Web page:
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Mercenaries could transform the fight against Isis – if we let them

Private military contractors have a bad name, but a great record against the Islamist insurgency in Nigeria

30 May 2015

9:00 AM

30 May 2015

9:00 AM

Last Sunday Isis raised their black flag over Palmyra. Below the flag, in the days that followed, the usual carnage began: beheadings, torture, desecration. Syrian state TV has reported that over 400 civilians have been killed already, and the big question globally has become: how could this have happened? What went wrong with the Iraqi and Syrian troops? Isn’t there anything the West can do?

Lord Dannatt, the former head of the army, has called on the British government to ‘think the previously unthinkable’ and send troops. He’s right that air strikes are no substitute for decent ground troops — but he must also know there’s no appetite here or in America for risking our boys’ lives.

Perhaps, though, there’s another way of getting well-trained boots on the ground. If we want answers about how to squash Isis, we should look to another field of combat, 5,000 miles away from Palmyra — to a war has been all but won against equally determined Islamists.

After five grim months as part of Boko Haram’s self-declared ‘caliphate’, life is slowly returning to normal to the Nigerian town of Michika. Residents who fled in droves are trickling back to plant crops before the rains, and despite the desecrated churches and tales of neighbours kidnapped and murdered, there is optimism.

Also looking cheerful for the first time are local army units, who unlike the Iraqi army, have found unexpected success in pushing Boko Haram from Michika and other north-east Nigerian towns. They weren’t always this upbeat. This was the same military that failed to stop 276 schoolgirls being kidnapped from the nearby village of Chibok last year, and who fled when Boko Haram first rolled into Michika in the autumn.

So why the turnaround? In Michika recently, I found a clue. Down a dusty road, by a road block of empty munitions cases, I came across a gaggle of Nigerian soldiers, who angrily shooed us away when they saw our cameras. Before they did so, though, my photographer glimpsed six uniformed white men behind them, who made themselves scarce sharpish. Were they the SAS, perhaps? Unlikely. While both Britain and America gave ‘technical help’ to the Nigerian army after the Chibok kidnappings last year, they stopped short of providing special forces. Instead, the most obvious explanation was that they belonged to another, equally publicity-shy force: mercenaries.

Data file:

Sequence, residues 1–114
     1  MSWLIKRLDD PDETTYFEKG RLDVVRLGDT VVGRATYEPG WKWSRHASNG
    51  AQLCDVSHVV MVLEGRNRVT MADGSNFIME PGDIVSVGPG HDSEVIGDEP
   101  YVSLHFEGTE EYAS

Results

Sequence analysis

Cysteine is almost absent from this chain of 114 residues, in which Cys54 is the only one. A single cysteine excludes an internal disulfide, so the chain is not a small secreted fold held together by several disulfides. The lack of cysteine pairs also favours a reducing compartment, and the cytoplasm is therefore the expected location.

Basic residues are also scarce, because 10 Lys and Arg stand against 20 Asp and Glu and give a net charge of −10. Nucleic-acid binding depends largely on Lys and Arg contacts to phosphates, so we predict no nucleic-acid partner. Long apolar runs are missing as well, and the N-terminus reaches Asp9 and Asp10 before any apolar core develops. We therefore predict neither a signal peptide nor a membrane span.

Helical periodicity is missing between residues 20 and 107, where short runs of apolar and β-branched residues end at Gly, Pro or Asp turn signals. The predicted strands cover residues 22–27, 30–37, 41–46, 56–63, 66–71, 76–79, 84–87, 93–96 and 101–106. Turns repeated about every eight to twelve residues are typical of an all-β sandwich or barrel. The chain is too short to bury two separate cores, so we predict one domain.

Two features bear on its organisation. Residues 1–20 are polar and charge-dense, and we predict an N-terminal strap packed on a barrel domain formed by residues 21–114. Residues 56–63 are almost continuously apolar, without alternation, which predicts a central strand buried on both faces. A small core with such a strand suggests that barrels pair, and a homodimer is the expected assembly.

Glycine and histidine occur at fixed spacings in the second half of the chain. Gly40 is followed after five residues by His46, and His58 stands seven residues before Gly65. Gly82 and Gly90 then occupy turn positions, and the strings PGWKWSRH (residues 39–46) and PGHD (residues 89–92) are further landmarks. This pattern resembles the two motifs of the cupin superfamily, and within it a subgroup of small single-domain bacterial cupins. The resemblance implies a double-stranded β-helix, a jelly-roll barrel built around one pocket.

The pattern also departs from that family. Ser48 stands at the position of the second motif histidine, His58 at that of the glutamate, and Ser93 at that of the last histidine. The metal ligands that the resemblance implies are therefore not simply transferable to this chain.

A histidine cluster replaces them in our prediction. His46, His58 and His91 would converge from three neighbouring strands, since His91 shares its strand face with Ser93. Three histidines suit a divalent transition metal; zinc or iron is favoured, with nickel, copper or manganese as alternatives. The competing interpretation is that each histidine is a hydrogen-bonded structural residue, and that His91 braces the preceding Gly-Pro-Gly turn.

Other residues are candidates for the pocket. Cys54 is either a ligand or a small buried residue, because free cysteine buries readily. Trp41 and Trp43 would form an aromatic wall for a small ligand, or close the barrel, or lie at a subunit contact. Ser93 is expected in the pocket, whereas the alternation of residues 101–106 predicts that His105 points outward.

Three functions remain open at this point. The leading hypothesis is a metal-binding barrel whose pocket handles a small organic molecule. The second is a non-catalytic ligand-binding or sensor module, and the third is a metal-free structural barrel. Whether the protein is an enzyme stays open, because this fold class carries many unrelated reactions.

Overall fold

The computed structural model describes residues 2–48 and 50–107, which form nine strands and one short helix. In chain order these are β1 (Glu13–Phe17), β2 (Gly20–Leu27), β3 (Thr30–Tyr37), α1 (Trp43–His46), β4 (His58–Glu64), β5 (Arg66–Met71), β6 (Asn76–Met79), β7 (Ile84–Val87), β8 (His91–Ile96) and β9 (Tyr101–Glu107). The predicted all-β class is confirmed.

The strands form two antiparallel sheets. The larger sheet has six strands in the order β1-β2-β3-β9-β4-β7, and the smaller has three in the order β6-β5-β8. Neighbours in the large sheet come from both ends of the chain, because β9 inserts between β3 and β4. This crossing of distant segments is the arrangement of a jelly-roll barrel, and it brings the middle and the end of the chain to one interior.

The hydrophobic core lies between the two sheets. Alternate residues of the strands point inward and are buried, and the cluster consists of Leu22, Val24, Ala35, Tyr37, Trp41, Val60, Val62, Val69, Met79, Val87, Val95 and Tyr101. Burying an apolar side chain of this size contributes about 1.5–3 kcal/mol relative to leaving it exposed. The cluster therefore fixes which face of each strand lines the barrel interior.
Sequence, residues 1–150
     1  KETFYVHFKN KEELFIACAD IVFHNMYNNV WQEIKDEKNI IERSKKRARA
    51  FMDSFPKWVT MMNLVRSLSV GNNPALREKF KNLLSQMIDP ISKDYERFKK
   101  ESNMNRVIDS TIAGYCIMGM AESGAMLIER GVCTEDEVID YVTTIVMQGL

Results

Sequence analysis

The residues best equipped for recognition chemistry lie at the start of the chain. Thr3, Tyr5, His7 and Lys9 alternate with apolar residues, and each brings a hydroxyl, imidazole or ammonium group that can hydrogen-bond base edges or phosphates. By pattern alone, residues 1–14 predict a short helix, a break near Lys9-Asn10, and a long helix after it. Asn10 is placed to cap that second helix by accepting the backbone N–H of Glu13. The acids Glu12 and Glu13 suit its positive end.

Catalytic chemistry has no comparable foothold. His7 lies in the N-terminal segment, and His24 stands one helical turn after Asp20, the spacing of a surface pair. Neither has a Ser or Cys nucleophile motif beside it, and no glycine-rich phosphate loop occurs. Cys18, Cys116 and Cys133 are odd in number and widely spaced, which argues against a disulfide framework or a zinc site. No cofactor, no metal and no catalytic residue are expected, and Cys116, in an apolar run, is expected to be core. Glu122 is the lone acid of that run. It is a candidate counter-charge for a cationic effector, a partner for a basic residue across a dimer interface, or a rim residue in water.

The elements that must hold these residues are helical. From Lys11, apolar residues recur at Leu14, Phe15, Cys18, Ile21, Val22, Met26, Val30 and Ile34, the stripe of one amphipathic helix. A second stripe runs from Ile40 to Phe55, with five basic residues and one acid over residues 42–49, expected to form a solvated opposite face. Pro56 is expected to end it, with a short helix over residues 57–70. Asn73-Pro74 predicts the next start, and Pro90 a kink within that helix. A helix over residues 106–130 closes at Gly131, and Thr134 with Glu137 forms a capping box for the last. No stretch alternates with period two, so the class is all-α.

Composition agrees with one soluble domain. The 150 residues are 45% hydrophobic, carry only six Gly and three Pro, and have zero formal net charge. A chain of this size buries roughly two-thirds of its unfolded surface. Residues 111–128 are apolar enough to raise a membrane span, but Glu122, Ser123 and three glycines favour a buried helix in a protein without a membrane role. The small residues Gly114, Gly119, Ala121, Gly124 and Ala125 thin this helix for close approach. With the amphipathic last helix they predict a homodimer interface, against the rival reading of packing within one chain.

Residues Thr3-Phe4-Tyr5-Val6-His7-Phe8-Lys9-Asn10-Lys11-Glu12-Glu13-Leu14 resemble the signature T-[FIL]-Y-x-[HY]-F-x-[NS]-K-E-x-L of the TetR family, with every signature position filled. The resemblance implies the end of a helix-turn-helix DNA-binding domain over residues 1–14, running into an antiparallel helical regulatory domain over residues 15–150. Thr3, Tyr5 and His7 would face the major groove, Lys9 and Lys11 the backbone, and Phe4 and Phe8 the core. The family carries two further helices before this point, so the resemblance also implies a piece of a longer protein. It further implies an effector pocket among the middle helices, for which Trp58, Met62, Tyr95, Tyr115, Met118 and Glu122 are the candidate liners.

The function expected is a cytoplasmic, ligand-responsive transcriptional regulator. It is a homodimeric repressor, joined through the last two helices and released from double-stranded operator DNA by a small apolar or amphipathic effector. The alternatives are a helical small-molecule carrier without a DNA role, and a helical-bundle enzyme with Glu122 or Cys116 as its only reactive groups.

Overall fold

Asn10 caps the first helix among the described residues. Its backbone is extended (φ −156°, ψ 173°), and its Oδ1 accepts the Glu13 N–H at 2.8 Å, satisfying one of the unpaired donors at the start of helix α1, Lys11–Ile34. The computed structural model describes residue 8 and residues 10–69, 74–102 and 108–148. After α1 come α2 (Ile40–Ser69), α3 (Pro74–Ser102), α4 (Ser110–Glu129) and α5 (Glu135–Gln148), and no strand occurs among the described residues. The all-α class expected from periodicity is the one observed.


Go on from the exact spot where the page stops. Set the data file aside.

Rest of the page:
This is not simply an educated guess. As my newspaper, the Telegraph, reported that same week, in desperation the Nigerian government engaged a firm of South African guns for hire in January, going by the rather sinister name of Specialized Tasks, Training, Equipment and Protection, or STTEP. It’s run by Eeben Barlow, a former colonel in the South African Defence Force, whose men have a wealth of bush war experience.


In Nigeria, as it turns out, they have not just been ‘advising’, but getting the job done — flying attack helicopters, gathering intelligence, training troops — everything, in other words, that the army’s bloated high command proved so lousy at.

How the press wailed about Boko Haram before Isis dominated the news, yet the defeat of one of the most vicious Islamist insurgencies in modern Africa has gone all but un-remarked. STTEP’s men have not been hailed as liberation heroes or thanked by the UN. More importantly, in an era where the West is increasingly reluctant to carry out ‘outside intervention’, no one seems to be asking whether this model could be used in other desperate countries.

This is in part because the Nigerian government wants to keep quiet about having to rope in help, especially from white South Africans. But it also reflects a lingering sense that using private soldiers is ethically questionable, no matter how urgent the need for them.